First off a very basic explanation:
- The Internet is what you are connected to when you look at a website e.g. reading this very blog post online, chatting to a friend, using your email and more. The Internet is made up of lots of computers connected to one another in a network, this can be via many different mediums.
Now you cannot just plug your computer into a phone socket and hope to be online. You need to be connected via an ISP (Internet Service Provider.) To be connected, you need to be in an area which is supported by the ISP.
- The ISP is a company that you would pay a monthly fee to for Internet access.
- An exchange is where the ISP will have your home phone connected to allow you ADSL access.
- Wireless you need to be within a coverage zone, the same as with a Mobile phone, if you do not have a signal, you will not have access.
- Cable you need to be in a supported area, where the ISP has the infrastructure available.
In most cases, you will sign up for a 12 to 24 month contract and either buy a Modem or receive one for free from the ISP.
- The modem is a device which translates the signals from wireless or telephone lines into digital format which a computer can understand.
Today you will mostly see Broadband – Wireless Internet, ADSL, Cable and some times Satellite advertised for home users to connect to the Internet.
There are a lot of Internet Service Providers selling Internet plans to the public and businesses, e.g. TPG,, Optus, IINET, Telstra Bigpond etc.
A quick run down on the plans on offer by Internet Service Providers:
- An ISP will usually list data amounts (also referred to as caps,) upload and download speeds.
- Uploads and downloads consist of data, which is everything you send and receive on the Internet.
Uploads and downloads
First off, data is measured in bits and bytes.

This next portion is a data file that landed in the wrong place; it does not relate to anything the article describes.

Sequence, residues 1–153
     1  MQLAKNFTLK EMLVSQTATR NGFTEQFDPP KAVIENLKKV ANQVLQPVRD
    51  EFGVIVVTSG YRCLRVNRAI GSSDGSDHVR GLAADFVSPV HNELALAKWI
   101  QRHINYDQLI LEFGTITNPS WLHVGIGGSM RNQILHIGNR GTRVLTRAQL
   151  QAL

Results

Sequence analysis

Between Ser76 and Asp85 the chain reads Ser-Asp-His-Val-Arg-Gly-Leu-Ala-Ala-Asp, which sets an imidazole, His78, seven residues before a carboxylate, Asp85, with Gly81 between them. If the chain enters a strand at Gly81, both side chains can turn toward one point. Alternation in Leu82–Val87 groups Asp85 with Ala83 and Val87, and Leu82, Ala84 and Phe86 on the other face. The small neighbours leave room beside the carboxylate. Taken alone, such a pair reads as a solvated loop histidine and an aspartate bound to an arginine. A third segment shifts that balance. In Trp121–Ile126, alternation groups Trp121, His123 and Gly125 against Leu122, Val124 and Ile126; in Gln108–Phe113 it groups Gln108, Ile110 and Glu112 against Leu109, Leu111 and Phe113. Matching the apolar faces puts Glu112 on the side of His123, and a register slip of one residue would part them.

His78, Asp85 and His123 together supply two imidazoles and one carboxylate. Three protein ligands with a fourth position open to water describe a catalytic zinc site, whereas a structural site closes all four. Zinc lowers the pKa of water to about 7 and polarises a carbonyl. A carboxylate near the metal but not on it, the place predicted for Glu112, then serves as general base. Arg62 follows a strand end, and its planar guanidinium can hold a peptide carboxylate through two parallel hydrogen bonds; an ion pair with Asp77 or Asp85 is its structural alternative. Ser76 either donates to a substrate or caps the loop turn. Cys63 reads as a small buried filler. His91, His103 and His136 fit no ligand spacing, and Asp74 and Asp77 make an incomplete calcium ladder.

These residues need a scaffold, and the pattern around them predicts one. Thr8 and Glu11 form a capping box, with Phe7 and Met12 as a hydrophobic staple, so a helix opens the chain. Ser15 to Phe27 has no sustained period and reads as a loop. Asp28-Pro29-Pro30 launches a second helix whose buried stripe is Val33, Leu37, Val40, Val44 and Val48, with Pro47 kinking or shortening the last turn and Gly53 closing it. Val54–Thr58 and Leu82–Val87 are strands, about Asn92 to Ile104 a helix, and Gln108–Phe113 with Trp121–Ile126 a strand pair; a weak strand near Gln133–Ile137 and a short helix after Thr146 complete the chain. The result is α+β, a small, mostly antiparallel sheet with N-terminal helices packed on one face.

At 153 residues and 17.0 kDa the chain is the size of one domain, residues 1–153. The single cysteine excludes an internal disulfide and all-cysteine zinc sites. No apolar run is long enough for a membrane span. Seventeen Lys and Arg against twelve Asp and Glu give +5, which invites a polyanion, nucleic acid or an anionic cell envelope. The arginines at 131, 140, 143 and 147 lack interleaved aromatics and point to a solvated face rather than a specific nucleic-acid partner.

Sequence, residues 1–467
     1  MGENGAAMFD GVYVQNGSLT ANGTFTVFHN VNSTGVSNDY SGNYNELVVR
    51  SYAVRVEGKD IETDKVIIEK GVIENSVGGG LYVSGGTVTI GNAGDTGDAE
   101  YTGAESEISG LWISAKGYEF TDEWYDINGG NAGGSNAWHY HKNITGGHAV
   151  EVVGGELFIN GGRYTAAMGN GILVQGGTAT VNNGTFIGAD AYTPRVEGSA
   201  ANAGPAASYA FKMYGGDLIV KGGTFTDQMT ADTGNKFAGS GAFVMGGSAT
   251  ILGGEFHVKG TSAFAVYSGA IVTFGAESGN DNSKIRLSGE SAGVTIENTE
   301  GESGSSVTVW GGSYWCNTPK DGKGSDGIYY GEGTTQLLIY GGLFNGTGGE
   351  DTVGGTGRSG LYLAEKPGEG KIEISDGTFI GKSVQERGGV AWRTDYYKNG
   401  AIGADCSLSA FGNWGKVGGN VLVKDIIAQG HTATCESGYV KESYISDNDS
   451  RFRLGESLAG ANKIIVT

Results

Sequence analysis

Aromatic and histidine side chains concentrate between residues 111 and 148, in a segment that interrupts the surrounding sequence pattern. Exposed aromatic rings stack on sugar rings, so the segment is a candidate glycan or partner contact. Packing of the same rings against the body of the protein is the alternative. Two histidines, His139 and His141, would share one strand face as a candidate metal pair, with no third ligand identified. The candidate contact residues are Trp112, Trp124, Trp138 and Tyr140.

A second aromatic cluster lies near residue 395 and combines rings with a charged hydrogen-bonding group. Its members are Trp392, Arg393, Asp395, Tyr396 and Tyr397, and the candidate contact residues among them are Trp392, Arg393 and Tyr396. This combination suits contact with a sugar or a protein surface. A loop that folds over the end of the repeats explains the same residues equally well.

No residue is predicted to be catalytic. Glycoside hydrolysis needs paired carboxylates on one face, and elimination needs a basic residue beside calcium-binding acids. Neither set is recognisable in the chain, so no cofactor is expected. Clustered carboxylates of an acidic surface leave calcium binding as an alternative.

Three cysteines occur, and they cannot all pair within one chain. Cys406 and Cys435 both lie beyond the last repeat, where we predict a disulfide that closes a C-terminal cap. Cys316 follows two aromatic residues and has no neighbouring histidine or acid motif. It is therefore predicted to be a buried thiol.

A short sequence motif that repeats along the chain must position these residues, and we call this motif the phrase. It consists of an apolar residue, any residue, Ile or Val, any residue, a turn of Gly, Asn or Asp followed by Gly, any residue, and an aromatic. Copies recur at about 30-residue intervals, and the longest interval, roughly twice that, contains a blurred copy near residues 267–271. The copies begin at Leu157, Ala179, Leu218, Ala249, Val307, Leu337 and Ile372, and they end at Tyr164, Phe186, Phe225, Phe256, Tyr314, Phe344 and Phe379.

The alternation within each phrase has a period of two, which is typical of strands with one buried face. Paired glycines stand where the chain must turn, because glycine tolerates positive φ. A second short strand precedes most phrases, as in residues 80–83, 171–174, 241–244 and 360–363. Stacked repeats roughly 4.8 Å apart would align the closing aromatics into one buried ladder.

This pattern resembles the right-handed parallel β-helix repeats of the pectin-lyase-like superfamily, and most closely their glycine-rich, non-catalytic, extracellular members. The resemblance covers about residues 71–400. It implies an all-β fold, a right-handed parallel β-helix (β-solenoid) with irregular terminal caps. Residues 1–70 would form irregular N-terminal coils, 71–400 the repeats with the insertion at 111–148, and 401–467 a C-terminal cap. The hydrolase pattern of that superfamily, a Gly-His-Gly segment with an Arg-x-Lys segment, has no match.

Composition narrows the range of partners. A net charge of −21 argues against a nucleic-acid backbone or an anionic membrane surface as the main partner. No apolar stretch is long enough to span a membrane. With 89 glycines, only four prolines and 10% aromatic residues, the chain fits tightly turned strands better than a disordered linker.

I am referring you to homenethelp.com click that link and it will take you to a very good explanation on Internet speeds otherwise keep reading.
When you visit a website, you will download data from the Internet and when you send an email, you will upload data.
Now lets put a download into perspective; first off, I use Unitconversion.org to convert different data storage types.
- Data storage types can be Terabyte, Gigabyte, Megabyte, Kilobyte, etc.
The image below which I took on new years eve 2008, is a download for you and an upload for me because you are seeing the image from my website so you are downloading, and I put the image onto my website, which means I am uploading.
- There are 1024 Kilobytes in 1 Megabyte, and 1024 Megabytes in 1 Gigabyte.
To bring these into size, the image you see only takes up approximately 7 Kilobytes of data when you download it.
If you click on the image that will download the bigger version of the file which takes up approximately 80 Kilobytes of data.
Internet connection speeds and data caps
- The speed of your Internet connection determines how fast you will be able to download data.
- The cap is the total amount of data the ISP will allow you to download every month.
Recent offerings from Internet service providers advertise that you will get ADSL2+ which is at its maximum download speed, measured at 24 Mbps (Megabits per second.) Now I have to stress that there are many different factors which could affect your download speed, and you will not actually download at the speed the ISP is advertising.
Now when we look at a plan from an ISP, for example Internode.on.net,
Extreme ADSL2+ Speeds
This particular plan is $39.95 a month, you are capped at 5 Gigabytes of data every month and they are offering Extreme ADSL2+ speeds.
- This means you could download the larger picture approximately 65536 times.
- Now another quick note, your average email including pictures and text would be approximately 50 Kilobytes in size.
- Many websites today like YouTube have a lot more than just pictures. They have video, this will use up more of your download than just email so keep in mind what you do on the Internet if you choose a lower cap plan.
The final note
This is only a basic explanation to help you choose a plan and Internet service provider. I cannot tell you what plan to choose, mainly because there are so many factors which come into play. I would say when it comes to deciding, it is pretty much hit and miss with Internet Service Providers.
Depending on where you live, i.e. in the City you will have more options available:
If you live in a rural area, you may not have that many options for Internet as the infrastructure is just not in place.
There is a website which I use a lot, Whirlpool.net.au Broadband choice; I recommend you have a good read at what other people rate their Internet Service Providers on customer service and quality of the connection. This is the only way to make a decision on an Internet Service Provider.
I like to say “If you are going to decide on anything, at the least make it an educated decision.”